YANGON, Myanmar (AP) — A U.N. human rights envoy on Friday ended a 12-day visit to Myanmar with a bleak evaluation of the government's ability to deal with the problems facing the country's ethnic minorities.
U.N. rapporteur Yanghee Lee in a statement before her departure criticized the government's aggressive response to problems including fighting with the Kachin minority in the country's north and a crackdown on Rohingya Muslims in the west. Myanmar's military has been accused of human rights abuses in both areas.
"The government's response to all of these problems seems to currently be to defend, dismiss and deny. And this response is not only counterproductive but is draining away the hope that had been sweeping the country," she said, adding that she believed it was not too late to reverse the trend.
Lee said she was barred by the government from travelling to parts of Kachin state, but that it was clear that the situation there was deteriorating. People who live there told her "the situation is now worse than at any point in the past few years," she said.
More than a dozen ethnic minorities have been battling for decades for greater autonomy, but most have reached an accommodation with the government. However, fierce though intermittent fighting continues in Kachin state.
Lee also criticized army actions in Rakhine state, where a crackdown has driven an estimated 65,000 Rohingya to flee across the border to Bangladesh in the past three months. She said the military had conducted security operations there with seemingly little regard for the rights and dignity of the Rohingya.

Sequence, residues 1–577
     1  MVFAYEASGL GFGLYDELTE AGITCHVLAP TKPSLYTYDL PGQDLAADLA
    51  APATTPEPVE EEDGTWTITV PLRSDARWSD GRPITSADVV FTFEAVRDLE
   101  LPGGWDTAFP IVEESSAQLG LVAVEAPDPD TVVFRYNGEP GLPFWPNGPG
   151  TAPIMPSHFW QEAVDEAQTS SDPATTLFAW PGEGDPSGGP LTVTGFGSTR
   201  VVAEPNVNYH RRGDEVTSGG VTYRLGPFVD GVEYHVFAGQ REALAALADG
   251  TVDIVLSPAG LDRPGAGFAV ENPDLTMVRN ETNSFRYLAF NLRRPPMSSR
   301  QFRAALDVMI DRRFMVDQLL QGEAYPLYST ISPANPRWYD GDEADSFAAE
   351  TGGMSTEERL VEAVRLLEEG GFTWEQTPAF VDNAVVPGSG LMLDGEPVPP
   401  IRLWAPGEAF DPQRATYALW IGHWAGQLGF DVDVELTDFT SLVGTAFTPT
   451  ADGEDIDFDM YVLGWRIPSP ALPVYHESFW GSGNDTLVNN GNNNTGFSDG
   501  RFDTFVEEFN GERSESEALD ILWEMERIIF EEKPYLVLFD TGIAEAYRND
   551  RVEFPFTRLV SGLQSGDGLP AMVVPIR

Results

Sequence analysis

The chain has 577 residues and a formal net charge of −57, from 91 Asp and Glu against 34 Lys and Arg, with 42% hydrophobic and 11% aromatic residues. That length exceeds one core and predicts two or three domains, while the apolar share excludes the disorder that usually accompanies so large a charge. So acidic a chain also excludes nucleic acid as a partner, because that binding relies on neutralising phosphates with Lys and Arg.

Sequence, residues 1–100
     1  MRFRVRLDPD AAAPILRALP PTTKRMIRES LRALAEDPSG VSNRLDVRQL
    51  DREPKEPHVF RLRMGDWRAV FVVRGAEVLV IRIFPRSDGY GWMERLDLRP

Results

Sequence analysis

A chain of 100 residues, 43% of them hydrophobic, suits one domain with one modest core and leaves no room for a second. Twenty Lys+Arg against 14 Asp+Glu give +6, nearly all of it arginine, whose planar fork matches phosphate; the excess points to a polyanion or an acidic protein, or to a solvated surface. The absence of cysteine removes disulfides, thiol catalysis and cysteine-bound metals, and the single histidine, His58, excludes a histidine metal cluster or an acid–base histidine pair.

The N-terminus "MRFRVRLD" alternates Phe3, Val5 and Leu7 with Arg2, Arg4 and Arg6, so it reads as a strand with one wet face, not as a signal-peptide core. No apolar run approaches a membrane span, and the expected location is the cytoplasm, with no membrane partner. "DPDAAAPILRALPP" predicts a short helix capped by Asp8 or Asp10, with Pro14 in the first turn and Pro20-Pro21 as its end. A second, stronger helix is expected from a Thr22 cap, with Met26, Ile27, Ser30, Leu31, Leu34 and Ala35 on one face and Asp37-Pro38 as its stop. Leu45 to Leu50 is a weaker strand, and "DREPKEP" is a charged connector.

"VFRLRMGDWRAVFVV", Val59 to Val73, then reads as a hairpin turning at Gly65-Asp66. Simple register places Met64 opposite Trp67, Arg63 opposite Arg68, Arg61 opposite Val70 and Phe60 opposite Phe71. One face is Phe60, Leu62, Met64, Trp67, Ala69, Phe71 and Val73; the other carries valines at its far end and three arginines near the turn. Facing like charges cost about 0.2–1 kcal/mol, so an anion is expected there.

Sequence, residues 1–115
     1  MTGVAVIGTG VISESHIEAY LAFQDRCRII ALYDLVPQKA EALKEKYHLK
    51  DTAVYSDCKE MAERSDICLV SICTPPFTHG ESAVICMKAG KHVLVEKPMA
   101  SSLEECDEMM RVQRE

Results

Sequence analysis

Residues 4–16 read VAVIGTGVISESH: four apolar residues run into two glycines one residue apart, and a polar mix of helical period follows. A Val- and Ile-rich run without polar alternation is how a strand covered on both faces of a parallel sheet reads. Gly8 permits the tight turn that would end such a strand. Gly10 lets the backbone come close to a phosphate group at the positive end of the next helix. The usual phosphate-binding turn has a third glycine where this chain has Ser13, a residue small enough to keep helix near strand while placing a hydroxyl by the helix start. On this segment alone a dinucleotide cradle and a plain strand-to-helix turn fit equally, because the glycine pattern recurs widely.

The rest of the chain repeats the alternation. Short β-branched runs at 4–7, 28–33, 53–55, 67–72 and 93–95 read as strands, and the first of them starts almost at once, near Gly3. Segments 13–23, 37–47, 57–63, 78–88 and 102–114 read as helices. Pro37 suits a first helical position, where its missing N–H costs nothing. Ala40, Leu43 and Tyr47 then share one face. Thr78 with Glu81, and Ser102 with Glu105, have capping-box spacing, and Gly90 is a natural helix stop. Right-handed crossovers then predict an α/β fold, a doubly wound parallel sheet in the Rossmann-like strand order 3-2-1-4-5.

The crackdown began in October after nine policemen were killed in attacks by a shadowy group along the border. The army denies abuses, but Rohingya sympathizers say hundreds of civilians have been killed. The claim cannot be independently verified because authorities have limited outsiders' access to the area.
Human rights groups and Rohingya advocates charge that the security forces have burned down more than 1,000 Rohingya homes. Lee said the government told her the houses were burned down by their own residents because they were of poor quality and the expected international aid would allow them to build better homes.
"The authorities offered no evidence for this, and I find this argument quite incredible," she said, noting that in some cases these may be where families lived for generations, and they might be displaced for an indeterminate period.
The estimated 1 million Rohingya face official and social discrimination in Buddhist-majority Myanmar. Most do not have citizenship and are regarded as illegal immigrants from Bangladesh, even when their families have lived in Rakhine for generations. Communal violence in 2012 forced many to flee their homes, and more than 100,000 still live in squalid internal displacement camps
Lee said that the attacks on security forces in Rakhine were not justified but "took place within the context of decades of systematic and institutionalized discrimination against the Rohingya population. Desperate individuals take desperate actions."
Lee also met with the country's leader, State Counsellor Aung San Suu Kyi, and other Cabinet ministers, but that the country's military commander, Senior Gen. Min Aung Hlaing, declined to see her.
Lee expressed concern about the fear of reprisals against ordinary people she spoke with or wanted to speak with and asked officials to make sure that people who spoke frankly to her would not face retribution.
"Yet distressingly, several people I met during this visit would say to me, 'I don't know what will happen to me after our meeting,'" she said.
She added: "In one case, an individual directly told me they thought they would be arrested following our conversation. In another village, where there were more than two communities living separately but side by side, I asked if that person was comfortable talking to me. The response: 'I am afraid I will not give the right answer.'"